7. Texas Rangers
With a $171 million projected 2023 payroll, the Rangers are not among the game’s runaway spenders. But new general manager Chris Young has shown that when he really wants somebody, he ponies up.
Just within the first two years of his tenure, Young has signed Marcus Semien for seven years at $175 million, Corey Seager for 10 years at $325 million, and (a few weeks ago) pitcher Jacob deGrom for five years at $185 million.
For raw value, Seager is the franchise’s all-time champ. Entering the second season of a deal that runs through 2031, he was a so-so player on a bad team last season. Apparently $325 million doesn’t go as far as it used to.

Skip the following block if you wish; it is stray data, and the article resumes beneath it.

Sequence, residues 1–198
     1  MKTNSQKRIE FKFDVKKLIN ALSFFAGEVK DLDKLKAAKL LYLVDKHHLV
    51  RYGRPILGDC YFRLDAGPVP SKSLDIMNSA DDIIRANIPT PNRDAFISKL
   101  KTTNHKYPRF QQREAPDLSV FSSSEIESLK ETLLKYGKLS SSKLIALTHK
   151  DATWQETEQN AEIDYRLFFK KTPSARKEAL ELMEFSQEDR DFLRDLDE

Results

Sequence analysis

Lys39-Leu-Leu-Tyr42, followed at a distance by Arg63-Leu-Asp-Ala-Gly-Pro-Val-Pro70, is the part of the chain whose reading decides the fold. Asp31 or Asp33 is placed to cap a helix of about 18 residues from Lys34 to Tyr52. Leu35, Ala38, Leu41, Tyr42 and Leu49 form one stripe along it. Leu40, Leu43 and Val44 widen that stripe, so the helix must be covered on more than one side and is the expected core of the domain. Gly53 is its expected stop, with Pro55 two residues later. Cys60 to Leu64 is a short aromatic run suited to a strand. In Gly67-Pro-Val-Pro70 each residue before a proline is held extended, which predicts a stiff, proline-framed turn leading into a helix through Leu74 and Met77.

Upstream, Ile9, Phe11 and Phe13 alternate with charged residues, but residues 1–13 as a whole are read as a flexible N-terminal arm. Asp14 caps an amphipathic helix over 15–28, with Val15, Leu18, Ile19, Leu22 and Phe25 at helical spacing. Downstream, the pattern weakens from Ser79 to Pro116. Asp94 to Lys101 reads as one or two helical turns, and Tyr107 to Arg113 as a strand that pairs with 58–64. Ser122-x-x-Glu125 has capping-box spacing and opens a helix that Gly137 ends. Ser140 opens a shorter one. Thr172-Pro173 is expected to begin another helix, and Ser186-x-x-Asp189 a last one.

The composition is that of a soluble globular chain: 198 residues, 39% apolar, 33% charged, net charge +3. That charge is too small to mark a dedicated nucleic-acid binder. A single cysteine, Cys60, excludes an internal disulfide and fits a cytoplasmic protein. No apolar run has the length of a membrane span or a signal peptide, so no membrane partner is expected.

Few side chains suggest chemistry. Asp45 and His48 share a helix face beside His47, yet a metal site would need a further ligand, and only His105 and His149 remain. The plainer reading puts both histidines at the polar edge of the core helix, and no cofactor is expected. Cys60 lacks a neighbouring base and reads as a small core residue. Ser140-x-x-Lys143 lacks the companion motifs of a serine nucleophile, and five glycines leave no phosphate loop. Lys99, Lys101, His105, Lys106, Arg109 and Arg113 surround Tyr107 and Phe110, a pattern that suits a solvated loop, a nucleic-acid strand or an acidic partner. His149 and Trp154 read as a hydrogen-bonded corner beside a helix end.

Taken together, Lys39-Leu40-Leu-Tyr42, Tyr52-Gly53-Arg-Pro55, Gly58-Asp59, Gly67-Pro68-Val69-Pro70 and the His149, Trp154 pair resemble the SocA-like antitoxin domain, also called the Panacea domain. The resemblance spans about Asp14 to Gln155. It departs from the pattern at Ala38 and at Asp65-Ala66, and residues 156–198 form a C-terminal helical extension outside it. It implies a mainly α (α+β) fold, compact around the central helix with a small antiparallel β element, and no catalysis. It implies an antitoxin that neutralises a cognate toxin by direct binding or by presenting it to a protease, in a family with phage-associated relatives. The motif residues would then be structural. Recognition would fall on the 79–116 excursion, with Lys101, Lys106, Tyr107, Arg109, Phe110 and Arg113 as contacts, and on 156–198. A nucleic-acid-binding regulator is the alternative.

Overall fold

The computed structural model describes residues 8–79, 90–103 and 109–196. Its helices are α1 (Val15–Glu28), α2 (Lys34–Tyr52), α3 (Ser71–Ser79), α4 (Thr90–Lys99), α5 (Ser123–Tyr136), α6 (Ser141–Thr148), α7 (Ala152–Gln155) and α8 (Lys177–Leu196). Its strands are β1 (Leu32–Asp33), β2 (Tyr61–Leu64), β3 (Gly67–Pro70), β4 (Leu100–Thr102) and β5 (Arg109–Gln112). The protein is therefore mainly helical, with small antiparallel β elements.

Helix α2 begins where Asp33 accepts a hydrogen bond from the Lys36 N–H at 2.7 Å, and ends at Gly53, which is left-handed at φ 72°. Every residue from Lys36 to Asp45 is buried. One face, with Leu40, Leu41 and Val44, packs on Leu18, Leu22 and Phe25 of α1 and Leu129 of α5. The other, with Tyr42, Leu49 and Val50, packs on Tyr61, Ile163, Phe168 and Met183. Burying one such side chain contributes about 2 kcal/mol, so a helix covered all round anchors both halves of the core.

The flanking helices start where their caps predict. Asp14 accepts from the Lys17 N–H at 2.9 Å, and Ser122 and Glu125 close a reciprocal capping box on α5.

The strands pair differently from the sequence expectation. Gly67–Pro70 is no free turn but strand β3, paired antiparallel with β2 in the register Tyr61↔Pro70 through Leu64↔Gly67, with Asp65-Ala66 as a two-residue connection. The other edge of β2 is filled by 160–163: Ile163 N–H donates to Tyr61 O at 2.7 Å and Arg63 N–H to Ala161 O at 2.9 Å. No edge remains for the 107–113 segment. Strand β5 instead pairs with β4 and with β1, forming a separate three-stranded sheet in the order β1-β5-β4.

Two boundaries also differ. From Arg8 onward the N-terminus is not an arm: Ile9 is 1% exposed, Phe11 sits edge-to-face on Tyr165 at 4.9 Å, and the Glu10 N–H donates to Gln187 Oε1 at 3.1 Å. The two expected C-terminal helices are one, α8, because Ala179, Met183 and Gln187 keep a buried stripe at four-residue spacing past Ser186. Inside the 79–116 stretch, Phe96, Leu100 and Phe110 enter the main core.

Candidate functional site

Because his contract is only half as lengthy as Seager’s, deGrom emerges the franchise’s new AAV champion. His deal works out to a hefty $37 million per year. Does that sound like a lot? It is; in fact on an AAV scale until Judge’s recent re-signing by the Yankees it was the richest deal in MLB history.
Put Seager, deGrom and Semien together and you have $94.5 million in AAV tied up in just three players through 2027. That’s on a team with an average payroll in the mid 130s since 2021.
If those three players don’t produce, the Rangers run the real risk of being financially hamstrung by their deals.